(Dec. 19) When then-Nebraska Gov. Mike Johanns was tabbed by President Bush in late 2004 to be agriculture secretary, one of the qualities that agriculture leaders in Nebraska praised him for was his listening ear.

That trait has been on brilliant display in 2005. Johanns has listened and responded to the needs of the citrus industry in Florida as it deals with the aftermath of hurricanes and canker.

Even more impressively, he also has participated in 22 farm bill listening sessions across the country since July.

Johanns has heard the needs of the produce industry as it relates to the next farm bill, and he readily acknowledges the industry wants to be a bigger part of farm policy.

How the farm bill fleshes itself out remains to be seen, as the U.S. Department of Agriculture, Congress and the produce industry have yet to spell out exactly what they want.

One encouraging aspect of Johanns’ interaction with the industry, however, is his view that the agency is trying to help Americans eat more fruits and vegetables.

From the release of the new Dietary Guidelines for Americans to the introduction of the agency’s new food pyramid earlier in the year, Johanns continues to say the right things about how the agency wants to reflect the latest science in dietary guidance.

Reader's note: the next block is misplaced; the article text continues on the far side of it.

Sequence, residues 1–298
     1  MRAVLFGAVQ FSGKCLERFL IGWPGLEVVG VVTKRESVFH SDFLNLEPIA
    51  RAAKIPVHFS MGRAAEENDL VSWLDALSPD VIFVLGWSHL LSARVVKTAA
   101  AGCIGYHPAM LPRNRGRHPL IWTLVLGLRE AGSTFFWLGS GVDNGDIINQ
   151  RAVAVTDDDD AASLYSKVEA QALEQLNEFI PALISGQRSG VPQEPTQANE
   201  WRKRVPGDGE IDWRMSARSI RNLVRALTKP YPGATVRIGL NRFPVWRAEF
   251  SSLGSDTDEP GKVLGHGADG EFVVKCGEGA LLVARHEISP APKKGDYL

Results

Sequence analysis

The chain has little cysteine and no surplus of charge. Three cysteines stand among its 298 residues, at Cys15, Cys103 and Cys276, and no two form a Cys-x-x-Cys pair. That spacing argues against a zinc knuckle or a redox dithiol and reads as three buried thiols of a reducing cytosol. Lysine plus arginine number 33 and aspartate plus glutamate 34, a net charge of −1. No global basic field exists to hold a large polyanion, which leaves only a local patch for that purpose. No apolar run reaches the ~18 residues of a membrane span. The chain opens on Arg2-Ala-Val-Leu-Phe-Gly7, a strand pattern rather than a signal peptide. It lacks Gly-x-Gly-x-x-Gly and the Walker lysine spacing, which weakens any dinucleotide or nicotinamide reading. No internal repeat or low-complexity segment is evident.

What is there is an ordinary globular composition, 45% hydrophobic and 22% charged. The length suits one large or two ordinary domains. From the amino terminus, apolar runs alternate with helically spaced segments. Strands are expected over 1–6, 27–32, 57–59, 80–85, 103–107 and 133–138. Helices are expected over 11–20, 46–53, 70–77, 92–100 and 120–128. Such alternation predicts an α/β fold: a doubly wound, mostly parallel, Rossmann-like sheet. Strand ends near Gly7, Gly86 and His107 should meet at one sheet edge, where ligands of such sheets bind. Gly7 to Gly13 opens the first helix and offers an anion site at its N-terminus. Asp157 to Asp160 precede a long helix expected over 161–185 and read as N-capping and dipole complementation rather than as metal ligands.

Johanns and the USDA will soon have the opportunity to show that they not only listen, but also act, according to those principles.

He has already been pressured by dairy interests and some members of Congress to quash changes to the Women, Infants and Children food packages that would allow fruit and vegetable vouchers.

Johanns needs to show he means what he says about the agency’s direction by publishing a proposed rule that would establish vouchers for fruits and vegetables.

The groundwork laid by advocates to changes to the WIC food package — notably by the United Fresh Fruit & Vegetable Association — should prove reassuring to the agency as it moves ahead with a needed, if controversial, change.